Community Team Program Supporter Tasks

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WordCamp Orientations

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Orientations are scheduled after an event application has been reviewed and approved to proceed.

These orientations have three purposes.

  • Discuss any questions or concerns that arose during vetting face-to-face and voice-to-voice. we could more formally call this meeting an interview and orientation.
  • Answer any questions the organizer or organizing team have.
  • Inform the organizer or organizing team of the guidelines and expectations for the event.

Orientations happen with the lead organizer (and their team if they like) for every event each year. The meeting must take place before the website is set up and the event is moved to “Pre-Planning”.

The Importance of Orientations

The idea behind an orientation is to talk over event guidelines, expectations, available tools, and recommended practices so that every organizer understands the community expectations for any events that is part of the WordPress open source project.

Because our tools and expectations change periodically, even repeat organizers are asked to participate in an orientation every year.

It’s also a good opportunity for us to get a sense of what kind of event is being planned, and verify the event is right for their local community and aligns with the program philosophy.

Meeting Best Practices

  • Start the conversation by asking them to tell you a bit about their involvement the WordPress community. It’s good to get a feel for their level of experience in events as well as what it is they do with WordPress.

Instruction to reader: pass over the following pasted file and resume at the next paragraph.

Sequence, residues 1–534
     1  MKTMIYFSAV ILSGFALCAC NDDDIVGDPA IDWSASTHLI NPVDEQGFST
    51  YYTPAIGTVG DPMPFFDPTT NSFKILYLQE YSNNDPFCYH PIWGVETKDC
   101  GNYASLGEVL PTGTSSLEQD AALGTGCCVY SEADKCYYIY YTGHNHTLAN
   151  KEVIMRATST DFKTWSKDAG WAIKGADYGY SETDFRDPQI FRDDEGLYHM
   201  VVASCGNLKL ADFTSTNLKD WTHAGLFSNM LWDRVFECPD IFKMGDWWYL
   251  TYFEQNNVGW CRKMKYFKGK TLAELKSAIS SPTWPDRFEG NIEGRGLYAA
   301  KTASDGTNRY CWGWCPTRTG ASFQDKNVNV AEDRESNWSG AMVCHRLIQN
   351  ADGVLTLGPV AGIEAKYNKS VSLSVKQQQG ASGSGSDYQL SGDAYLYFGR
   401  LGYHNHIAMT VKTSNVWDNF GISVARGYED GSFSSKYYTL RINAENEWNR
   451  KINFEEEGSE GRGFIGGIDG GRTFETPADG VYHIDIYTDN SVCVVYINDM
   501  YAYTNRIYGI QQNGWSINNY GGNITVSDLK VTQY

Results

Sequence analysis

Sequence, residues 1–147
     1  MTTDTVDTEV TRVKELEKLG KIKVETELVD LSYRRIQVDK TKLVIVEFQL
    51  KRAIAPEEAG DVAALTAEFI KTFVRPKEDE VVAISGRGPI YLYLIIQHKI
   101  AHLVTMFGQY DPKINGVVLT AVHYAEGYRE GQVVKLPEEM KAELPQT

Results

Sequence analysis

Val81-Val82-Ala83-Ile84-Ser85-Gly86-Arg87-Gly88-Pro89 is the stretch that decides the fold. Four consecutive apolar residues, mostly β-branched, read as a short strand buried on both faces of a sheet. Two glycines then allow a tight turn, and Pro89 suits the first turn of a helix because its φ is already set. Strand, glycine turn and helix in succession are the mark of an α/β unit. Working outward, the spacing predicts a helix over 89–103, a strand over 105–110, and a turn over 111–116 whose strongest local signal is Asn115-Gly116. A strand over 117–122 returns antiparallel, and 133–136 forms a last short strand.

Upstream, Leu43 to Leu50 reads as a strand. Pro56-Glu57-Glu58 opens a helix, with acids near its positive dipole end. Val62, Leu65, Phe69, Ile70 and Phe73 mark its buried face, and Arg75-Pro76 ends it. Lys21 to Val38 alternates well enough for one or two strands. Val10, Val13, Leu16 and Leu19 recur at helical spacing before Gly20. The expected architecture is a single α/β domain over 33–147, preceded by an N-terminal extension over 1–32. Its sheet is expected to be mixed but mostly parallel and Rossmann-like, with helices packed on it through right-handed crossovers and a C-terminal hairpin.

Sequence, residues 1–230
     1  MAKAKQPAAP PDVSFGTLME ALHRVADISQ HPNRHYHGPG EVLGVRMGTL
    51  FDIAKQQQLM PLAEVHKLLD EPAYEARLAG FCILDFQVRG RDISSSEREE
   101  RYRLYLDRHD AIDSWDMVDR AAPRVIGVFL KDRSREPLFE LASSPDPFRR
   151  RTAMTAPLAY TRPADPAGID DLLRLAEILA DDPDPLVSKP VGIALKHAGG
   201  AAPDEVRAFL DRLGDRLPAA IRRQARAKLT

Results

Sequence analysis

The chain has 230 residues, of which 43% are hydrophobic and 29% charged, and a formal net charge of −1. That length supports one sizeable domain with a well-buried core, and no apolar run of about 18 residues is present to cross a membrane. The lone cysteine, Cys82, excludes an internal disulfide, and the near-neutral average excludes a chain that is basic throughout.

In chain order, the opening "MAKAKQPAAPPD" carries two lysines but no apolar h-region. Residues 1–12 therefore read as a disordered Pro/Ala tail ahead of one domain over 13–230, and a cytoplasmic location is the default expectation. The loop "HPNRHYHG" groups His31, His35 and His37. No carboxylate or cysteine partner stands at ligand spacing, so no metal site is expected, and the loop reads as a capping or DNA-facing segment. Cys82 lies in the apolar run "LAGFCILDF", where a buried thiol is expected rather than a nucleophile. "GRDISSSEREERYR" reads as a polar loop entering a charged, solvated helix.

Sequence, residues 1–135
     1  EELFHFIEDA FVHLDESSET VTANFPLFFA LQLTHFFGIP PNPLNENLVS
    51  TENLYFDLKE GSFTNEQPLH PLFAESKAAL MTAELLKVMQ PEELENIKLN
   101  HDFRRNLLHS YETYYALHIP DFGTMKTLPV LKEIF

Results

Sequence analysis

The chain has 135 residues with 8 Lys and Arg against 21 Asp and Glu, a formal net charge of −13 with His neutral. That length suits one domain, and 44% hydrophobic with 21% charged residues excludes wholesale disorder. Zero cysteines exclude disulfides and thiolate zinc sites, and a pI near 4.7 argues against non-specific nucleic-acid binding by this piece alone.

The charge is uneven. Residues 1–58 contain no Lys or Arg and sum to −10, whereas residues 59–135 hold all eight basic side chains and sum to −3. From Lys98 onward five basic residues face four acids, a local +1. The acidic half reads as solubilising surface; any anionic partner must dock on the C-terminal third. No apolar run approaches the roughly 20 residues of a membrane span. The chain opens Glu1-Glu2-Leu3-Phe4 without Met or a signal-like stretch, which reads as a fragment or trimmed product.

• Take notes. This is an excellent time to find out what kind of event they’re planning.
  • Offer guidance. If they’re planning to do something that doesn’t match program guidelines, it’s an opportunity to help them form an event that does fall into the guidelines of the WordPress open source project.

Questions we commonly ask

  • How do you use WordPress?
  • What’s your involvement in your local Meetup group?
  • Has your meetup group held any events? If so, what kind?
  • Have you been involved in organizing past events?
  • What were the best things about your community’s event(s)?
  • Is there anything you’re planning to change for this year?

Leading an Orientation

Just as every organizer (and team) will be different, every orientation will be different. Some folks will sit silently and listen, others will take detailed notes, still others will have questions at every turn.

We provide you with a script, and you should be prepared to pause or slow down as needed. You’re welcome to share the link to the script with the attendees. Some people learn best when they can read and review information on their own.

Remember, you may not be able to answer all of their questions. That’s okay. That’s one reason we take notes. You can always get back to them later

  • Start at the beginning of the script.
  • Pause for questions at the end of each section.
  • And when you come to the end stop for final questions. Make sure you give the organizer(s) one more chance to ask questions on anything you addressed.

It can be helpful at the end of the scripted portion to ask if anyone would like you to send them the text of the orientation script over Slack or email, particularly if you feel there might be a language barrier or you were asked more than once to repeat a segment of the script.

Wrapping up

When you’ve shared all the program information and answered any questions they may have, it’s time to thank them and acknowledge that this program wouldn’t be possible without the hard work and initiative of our community organizers. Express how much their efforts are appreciated, and let them know that they can reach out to us at any time, either on Slack or by emailing

After the Orientation

  • Follow the Next Steps at the end of each event script
  • Send them a link to the relevant event handbook via Slack or email
  • Add your notes to the Add Private Note section of their event tracker
  • Update the event tracker based on what is written in the Next Steps